By Chris Fellows, Serenity Mobile Observatory
Spring opens a window to the wider universe
Over the course of a year here on Earth the night sky vistas change as our perspective changes. In the late winter and spring the Milky Way moves out of the way and gives us a window to the outside of our stellar neighborhood.
In springtime in the Northern Hemisphere, Mother Nature throws open the Milky Way curtains and reveals hundreds of distant galaxies that can be seen with long focal length instruments. At this time of year the Virgo and Coma groups are in prime viewing position. So get your telescope out of the garage and cross your fingers for good weather, as Galaxy Season is nearly upon us!
Most galaxies are better suited for telescopes with longer focal lengths due to their small apparent size and dim characteristics, but even modest setups can glimpse these island universes. Let’s take a look at some of my favorites.
First up is the Leo Triplet. This tight grouping of grand spiral galaxies consists of M65, M66, and NGC 3628, and is located in the constellation Leo, about 35 million light years from Earth. After about 10 p.m., look east and use a star chart, your favorite phone app, or a planetarium software package to locate Leo. This group is located near the lion’s rear end and back feet. A modest scope with a field of view about the same as the full moon should be able to see all three is a single view.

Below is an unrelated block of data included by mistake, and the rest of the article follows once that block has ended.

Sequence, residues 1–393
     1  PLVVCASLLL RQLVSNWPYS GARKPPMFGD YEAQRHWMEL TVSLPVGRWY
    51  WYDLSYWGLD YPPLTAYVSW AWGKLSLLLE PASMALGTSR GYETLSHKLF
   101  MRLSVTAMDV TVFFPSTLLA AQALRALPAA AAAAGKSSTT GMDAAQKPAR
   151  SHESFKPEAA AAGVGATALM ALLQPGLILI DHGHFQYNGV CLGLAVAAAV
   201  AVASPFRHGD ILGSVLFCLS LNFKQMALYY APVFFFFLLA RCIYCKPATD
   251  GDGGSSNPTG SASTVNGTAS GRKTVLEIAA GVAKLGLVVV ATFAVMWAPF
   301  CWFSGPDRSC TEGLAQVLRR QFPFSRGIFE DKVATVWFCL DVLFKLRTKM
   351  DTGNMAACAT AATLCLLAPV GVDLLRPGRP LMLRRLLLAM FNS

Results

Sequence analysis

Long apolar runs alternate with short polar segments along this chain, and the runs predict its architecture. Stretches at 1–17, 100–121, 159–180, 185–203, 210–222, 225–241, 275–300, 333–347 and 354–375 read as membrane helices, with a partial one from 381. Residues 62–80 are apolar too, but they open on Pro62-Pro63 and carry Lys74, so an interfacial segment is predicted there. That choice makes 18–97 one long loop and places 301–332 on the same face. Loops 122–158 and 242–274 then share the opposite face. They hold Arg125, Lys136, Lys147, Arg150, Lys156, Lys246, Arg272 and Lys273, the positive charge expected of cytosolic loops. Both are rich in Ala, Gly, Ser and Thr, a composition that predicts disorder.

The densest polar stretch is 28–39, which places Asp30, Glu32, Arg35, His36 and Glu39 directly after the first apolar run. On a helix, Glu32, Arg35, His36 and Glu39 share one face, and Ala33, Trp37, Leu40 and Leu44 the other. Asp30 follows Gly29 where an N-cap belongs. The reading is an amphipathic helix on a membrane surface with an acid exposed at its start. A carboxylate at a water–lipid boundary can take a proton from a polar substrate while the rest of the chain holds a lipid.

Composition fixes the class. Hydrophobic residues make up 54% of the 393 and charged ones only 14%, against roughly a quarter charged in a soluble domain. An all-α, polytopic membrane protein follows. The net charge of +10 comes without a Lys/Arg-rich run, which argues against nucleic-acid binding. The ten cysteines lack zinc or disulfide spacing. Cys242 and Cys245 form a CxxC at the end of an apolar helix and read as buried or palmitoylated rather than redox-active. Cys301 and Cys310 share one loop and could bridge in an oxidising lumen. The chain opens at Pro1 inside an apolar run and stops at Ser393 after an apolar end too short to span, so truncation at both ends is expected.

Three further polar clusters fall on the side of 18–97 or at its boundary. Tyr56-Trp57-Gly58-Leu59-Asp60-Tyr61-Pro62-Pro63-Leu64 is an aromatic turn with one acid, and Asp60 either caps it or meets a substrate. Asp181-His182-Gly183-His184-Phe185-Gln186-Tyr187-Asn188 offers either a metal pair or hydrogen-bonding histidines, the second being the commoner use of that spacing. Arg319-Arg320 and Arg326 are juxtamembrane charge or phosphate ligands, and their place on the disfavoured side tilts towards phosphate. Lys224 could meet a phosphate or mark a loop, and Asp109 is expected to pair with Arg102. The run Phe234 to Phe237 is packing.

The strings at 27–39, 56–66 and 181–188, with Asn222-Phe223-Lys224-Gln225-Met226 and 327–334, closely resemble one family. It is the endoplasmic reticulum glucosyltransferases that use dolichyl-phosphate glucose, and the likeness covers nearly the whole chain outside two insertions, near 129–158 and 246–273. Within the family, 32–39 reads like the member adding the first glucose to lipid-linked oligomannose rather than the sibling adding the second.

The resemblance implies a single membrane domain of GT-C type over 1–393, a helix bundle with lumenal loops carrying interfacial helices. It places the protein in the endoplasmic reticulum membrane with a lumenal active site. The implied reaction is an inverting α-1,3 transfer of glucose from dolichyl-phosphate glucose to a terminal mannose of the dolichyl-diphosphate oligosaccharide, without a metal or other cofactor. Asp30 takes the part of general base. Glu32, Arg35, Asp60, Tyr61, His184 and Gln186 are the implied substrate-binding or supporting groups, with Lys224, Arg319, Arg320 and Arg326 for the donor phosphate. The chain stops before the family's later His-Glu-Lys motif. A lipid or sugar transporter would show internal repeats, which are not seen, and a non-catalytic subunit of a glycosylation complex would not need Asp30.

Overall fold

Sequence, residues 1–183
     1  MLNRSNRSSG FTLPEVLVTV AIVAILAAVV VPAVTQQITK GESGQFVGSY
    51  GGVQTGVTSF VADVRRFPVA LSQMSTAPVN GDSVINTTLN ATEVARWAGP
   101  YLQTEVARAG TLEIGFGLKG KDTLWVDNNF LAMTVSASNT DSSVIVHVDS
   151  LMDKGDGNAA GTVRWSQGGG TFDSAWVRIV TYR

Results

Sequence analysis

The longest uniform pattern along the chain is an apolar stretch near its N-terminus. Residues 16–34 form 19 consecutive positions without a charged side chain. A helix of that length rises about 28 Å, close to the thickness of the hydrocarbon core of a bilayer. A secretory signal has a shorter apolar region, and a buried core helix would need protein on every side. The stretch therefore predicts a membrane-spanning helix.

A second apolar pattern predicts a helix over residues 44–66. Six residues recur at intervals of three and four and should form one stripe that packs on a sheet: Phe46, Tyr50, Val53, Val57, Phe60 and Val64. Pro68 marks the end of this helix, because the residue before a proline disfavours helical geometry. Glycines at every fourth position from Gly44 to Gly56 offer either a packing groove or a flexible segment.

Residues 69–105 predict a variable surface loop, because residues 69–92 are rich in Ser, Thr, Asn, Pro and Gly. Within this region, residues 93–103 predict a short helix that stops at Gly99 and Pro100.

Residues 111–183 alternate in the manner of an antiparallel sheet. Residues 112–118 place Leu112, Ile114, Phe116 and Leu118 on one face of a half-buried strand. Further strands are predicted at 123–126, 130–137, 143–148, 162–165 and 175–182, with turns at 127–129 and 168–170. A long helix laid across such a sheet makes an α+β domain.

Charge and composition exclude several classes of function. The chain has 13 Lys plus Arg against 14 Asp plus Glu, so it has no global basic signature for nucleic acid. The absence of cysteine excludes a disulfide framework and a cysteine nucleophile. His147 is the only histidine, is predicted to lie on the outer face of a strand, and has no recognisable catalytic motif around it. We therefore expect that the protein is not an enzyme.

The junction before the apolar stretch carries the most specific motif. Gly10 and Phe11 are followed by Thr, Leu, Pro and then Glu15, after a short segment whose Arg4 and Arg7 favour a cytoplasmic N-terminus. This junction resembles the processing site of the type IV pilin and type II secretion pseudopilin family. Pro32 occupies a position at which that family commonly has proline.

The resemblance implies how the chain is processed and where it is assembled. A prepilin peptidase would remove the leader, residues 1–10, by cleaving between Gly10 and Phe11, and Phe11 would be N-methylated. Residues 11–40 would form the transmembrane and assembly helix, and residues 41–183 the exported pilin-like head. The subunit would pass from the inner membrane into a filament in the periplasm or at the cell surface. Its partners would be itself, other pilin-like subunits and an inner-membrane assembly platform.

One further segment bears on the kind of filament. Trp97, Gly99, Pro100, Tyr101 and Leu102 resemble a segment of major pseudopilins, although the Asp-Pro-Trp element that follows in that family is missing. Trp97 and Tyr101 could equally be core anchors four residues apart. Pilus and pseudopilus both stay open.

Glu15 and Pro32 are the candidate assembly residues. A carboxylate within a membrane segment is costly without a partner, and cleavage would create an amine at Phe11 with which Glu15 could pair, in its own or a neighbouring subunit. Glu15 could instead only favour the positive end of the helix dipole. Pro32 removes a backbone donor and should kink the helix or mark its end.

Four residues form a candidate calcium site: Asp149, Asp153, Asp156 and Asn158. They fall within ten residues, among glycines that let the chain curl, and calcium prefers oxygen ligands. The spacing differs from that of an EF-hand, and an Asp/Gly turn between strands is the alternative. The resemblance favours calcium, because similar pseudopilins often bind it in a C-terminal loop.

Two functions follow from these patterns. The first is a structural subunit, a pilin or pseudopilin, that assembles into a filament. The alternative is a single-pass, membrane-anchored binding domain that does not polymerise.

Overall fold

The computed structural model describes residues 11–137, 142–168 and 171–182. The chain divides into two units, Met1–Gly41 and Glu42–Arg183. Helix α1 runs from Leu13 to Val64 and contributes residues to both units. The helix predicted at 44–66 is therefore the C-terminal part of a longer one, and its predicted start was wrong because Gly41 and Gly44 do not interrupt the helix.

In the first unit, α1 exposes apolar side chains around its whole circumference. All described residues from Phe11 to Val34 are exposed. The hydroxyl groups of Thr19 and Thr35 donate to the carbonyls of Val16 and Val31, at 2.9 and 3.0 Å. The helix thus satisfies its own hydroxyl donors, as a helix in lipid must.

Next up is the M81 and M82 pair of galaxies. These are favorite targets for astrophotographers due to their close proximity to one another, their relative brightness, and the colorful nature of these interacting bodies. Finding these guys is pretty straightforward since they are in Ursa Major, the Great Bear, or more commonly referred to as the Big Dipper. Look north and find the dipper. This pair of galaxies is located above and to the right of the cup of the dipper if the cup is right side up. M81, also known as Bode’s Galaxy, is a beautiful spiral galaxy located about 12 million light years distant, and M82, or the Cigar Galaxy, is a starburst galaxy at about the same distance. These two have collided in the past and the interaction set M82 on fire; it is now a very active star forming galaxy.
Let’s stay in Ursa Major for our last target. The Pinwheel Galaxy, or M101, is a beautiful face-on spiral galaxy. Photographically, the core of the Pinwheel Galaxy is evident even in short exposures. To capture the outer arms, longer guided exposures are needed. This gorgeous galaxy is located 21 million light years from Earth. To find M101, move your gaze near the tail of the Great Bear between the last two stars that make up the handle of the dipper and up a little. This is a more challenging target than the others we have looked at here, but stick with it and let me know if you find it.
In general, galaxies can be difficult to spot and a little disappointing to the novice observer. There are very far away and very dim at the eyepiece. If you have a chance to view these through a larger aperture telescope you will get much more out of the experience.
I hope you get out this galaxy season and discover the wonder and vastness of our beautiful universe. Please let me know if you see any of these with your own eyes.
Till next time!
Chris Fellows, Serenity Mobile Observatory
Find Chris on Facebook (or, if you’re lucky, at your campground). (Editor: Check out his amazing photos on his Facebook page!)